Satyam, the Indian IT service provider at the centre of a $1bn accountancy fraud said this morning that it faces a major challenge to rebuild its cash reserves
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Interim CEO Ram Mynampati said in a conference that the amount of cash on the balance sheet "is not encouraging".
"We need some assistance as far as liquidity is concerned to pay [suppliers]," added Mynampati.
He said he is confident that Satyam can pay bills this month and in the future. "The most important issue is to sustain the company," said Mynampati.
The crisis lead to the resignation of Satyam's CFO this morning. Mynampati said the resignation had not been accepted and described the grounds for resignation as the CFO's wish to sever ties with the company given the current crisis.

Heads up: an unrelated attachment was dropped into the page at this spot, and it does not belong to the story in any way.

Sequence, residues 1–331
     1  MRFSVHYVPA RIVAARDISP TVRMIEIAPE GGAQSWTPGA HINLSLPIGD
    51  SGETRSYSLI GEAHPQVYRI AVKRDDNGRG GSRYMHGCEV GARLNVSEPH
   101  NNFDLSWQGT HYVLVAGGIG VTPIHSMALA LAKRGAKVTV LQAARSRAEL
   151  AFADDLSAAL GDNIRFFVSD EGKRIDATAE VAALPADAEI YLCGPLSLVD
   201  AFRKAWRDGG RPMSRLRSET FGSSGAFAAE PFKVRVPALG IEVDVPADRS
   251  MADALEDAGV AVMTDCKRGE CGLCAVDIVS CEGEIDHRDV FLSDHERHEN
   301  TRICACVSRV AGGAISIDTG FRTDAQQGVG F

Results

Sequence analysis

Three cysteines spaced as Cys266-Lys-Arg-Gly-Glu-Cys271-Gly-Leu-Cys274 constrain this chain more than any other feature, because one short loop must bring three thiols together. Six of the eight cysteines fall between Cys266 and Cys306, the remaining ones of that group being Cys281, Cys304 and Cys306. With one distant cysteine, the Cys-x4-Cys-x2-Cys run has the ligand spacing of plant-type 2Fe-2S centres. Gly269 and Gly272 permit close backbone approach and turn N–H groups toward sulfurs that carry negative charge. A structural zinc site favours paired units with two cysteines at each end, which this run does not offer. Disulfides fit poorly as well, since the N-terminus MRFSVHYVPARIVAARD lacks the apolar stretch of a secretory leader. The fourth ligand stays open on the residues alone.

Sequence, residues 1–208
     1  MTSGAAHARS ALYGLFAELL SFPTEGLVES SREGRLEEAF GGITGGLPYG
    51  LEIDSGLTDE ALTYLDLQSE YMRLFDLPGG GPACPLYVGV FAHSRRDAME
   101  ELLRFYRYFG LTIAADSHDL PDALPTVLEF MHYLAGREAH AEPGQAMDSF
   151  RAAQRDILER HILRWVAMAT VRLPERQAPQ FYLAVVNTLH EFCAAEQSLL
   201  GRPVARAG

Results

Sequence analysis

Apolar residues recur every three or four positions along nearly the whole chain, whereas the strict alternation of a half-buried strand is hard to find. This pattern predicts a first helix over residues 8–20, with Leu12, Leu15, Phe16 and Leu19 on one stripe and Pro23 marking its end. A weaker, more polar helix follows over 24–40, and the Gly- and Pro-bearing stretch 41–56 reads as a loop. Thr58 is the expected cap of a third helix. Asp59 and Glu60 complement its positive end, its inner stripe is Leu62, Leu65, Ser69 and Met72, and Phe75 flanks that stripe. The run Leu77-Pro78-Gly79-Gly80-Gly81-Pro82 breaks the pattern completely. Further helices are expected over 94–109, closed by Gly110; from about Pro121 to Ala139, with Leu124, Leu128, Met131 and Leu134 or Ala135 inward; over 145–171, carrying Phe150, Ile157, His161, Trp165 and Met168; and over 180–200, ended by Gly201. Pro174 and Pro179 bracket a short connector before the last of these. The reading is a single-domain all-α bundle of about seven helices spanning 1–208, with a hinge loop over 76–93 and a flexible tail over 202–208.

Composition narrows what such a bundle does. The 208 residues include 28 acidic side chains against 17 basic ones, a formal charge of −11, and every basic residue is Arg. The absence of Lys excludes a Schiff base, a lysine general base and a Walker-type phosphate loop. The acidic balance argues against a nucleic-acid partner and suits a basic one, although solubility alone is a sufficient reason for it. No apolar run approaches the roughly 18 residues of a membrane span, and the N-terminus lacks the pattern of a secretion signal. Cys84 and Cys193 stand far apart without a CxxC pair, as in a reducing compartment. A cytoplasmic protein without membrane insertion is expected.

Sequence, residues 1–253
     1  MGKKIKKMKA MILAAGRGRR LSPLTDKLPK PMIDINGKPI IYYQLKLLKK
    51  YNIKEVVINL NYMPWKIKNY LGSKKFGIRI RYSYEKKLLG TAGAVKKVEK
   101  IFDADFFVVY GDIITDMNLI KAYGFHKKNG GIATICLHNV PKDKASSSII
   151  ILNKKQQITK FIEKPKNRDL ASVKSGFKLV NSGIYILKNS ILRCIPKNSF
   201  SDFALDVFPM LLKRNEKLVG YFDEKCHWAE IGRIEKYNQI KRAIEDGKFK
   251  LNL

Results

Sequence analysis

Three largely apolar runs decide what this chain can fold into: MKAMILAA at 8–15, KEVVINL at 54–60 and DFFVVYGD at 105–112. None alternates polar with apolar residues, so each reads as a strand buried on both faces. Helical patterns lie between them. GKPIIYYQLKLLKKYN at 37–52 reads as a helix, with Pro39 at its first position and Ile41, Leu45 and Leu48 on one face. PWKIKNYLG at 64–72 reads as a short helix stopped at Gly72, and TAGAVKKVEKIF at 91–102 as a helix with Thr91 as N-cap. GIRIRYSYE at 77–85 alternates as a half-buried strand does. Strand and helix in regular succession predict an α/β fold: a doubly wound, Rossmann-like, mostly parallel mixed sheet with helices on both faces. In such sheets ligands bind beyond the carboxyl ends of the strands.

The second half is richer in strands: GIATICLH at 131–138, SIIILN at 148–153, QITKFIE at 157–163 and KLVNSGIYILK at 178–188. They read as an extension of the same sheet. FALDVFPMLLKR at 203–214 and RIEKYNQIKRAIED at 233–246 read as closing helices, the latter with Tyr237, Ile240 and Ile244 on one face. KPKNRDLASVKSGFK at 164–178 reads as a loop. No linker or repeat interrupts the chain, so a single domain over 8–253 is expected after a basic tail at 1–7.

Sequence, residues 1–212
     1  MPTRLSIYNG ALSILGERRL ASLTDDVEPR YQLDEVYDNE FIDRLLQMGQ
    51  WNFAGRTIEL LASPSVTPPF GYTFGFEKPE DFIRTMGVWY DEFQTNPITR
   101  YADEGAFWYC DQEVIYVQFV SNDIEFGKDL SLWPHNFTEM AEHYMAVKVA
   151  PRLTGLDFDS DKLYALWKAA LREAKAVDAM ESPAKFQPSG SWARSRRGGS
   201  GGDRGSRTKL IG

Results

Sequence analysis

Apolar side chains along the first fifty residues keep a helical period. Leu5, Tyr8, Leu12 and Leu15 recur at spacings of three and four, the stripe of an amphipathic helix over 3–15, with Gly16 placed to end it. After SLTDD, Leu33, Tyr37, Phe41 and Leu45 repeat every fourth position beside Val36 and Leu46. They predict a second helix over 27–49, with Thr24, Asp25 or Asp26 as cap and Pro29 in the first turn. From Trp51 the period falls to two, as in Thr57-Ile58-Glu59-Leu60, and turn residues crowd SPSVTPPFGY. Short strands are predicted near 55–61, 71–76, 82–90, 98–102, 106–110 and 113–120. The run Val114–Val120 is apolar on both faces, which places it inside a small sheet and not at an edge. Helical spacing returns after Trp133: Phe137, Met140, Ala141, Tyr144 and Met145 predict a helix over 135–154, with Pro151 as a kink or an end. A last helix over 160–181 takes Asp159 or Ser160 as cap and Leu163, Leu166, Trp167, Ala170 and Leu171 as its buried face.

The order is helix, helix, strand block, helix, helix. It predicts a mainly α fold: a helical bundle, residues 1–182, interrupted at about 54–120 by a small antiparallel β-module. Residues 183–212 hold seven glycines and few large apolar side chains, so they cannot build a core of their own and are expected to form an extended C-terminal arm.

When asked how the fraud was able to go unnoticed for years, Mynampati said the company sees the published audited statement from PricewaterhouseCoopers (PWC). Satyam said it has not yet discussed this with PWC.
Satyam chairman B Ramalinga Raju admitted yesterday that he has fixed the company's books for several years. The revelation came in a letter to the company, received last week, in which he confessed to inflating the company's financial figures.